Investigating the neural processing of spatial summation of pain: the role of A-delta nociceptors

Netta Raz, Yelena Granovsky, Ruth Defrin

Research output: Contribution to journalArticlepeer-review

Abstract

The underlying mechanism of spatial summation (SS) of pain, an essential component in pain perception and detection, is unknown. Because of the possible differential innervations by A-delta nociceptors and pain sensitivity of hairy and glabrous skin, a comparison of the SS characteristics between the two skin types could contribute to the elucidation of its subserving system and processing. The effect of sex on SS of pain was also evaluated due to the scarcity of information on the subject. Twenty-nine healthy subjects (13 males, 16 females) received four series of heat stimuli of various intensities, in hairy and glabrous skin of the hand using large (27 mm diameter) and small (12 mm) stimulation areas, and the perceived pain intensity (PPI) was rated. A fast temperature increase rate (70°/s) was used in order to selectively activate A-delta nociceptors. The effect of skin type, stimulation intensity and sex on SS and PPI was calculated. Skin type significantly affected PPI and SS of pain; values of both variables were significantly greater in hairy compared with glabrous skin. SS of pain gradually increased concomitantly with stimulation intensity magnitude, to a point when it became saturated in both skin types. Females exhibited greater SS in glabrous skin. It would appear that AMH-II nociceptive fibers in particular subserve SS of pain. Furthermore, SS is increased under stronger stimulation intensities, probably as defense mechanism against tissue damage. Sex differences in dynamic sensory processes such as SS are revealed only under conditions where the phenomenon is subtle (as in glabrous skin).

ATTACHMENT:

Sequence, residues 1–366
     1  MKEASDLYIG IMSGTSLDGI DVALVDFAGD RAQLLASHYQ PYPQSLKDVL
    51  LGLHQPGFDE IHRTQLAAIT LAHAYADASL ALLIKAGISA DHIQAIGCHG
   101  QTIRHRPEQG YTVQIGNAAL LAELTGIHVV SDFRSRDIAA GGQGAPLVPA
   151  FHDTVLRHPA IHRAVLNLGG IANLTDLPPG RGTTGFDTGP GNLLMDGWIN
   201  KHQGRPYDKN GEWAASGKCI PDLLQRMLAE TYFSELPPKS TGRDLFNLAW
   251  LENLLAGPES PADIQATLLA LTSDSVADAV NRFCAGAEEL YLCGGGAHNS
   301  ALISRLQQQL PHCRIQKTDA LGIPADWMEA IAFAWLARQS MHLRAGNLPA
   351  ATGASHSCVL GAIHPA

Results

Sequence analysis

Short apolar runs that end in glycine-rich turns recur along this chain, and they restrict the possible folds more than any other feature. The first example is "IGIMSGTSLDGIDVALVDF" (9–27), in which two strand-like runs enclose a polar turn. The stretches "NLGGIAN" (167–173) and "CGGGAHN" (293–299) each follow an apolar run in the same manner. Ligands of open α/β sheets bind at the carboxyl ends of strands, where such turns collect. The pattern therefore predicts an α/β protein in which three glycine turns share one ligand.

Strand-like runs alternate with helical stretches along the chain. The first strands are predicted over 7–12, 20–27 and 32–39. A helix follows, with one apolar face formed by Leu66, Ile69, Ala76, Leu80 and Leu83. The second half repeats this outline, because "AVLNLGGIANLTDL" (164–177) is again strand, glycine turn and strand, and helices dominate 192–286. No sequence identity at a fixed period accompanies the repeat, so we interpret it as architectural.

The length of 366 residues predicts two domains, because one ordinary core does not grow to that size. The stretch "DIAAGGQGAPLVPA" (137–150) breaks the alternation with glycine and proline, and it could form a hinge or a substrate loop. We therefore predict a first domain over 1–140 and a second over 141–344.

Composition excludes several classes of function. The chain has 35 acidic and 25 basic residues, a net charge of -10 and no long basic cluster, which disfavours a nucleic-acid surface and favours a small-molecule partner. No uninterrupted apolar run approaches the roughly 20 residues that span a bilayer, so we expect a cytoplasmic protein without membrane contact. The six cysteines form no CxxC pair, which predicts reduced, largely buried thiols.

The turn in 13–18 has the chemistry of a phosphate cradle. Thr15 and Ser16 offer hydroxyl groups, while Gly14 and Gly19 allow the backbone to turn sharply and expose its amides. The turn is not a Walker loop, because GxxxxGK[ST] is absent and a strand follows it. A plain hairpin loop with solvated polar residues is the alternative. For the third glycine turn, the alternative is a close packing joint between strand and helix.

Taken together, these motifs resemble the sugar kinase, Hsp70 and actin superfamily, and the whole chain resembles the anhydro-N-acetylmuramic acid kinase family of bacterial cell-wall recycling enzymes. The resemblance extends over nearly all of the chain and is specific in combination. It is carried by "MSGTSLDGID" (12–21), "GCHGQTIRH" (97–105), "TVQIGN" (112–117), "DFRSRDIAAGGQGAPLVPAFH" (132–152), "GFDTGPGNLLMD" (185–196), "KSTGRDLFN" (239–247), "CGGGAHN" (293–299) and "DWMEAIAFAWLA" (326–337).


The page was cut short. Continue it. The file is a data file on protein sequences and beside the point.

Original languageEnglish
Pages (from-to)405-413
Number of pages9
JournalExperimental Brain Research
Volume233
Issue number2
DOIs
StatePublished - Feb 2014

Keywords

  • A-delta fiber
  • Pain
  • Sensory processing
  • Skin type
  • Spatial summation

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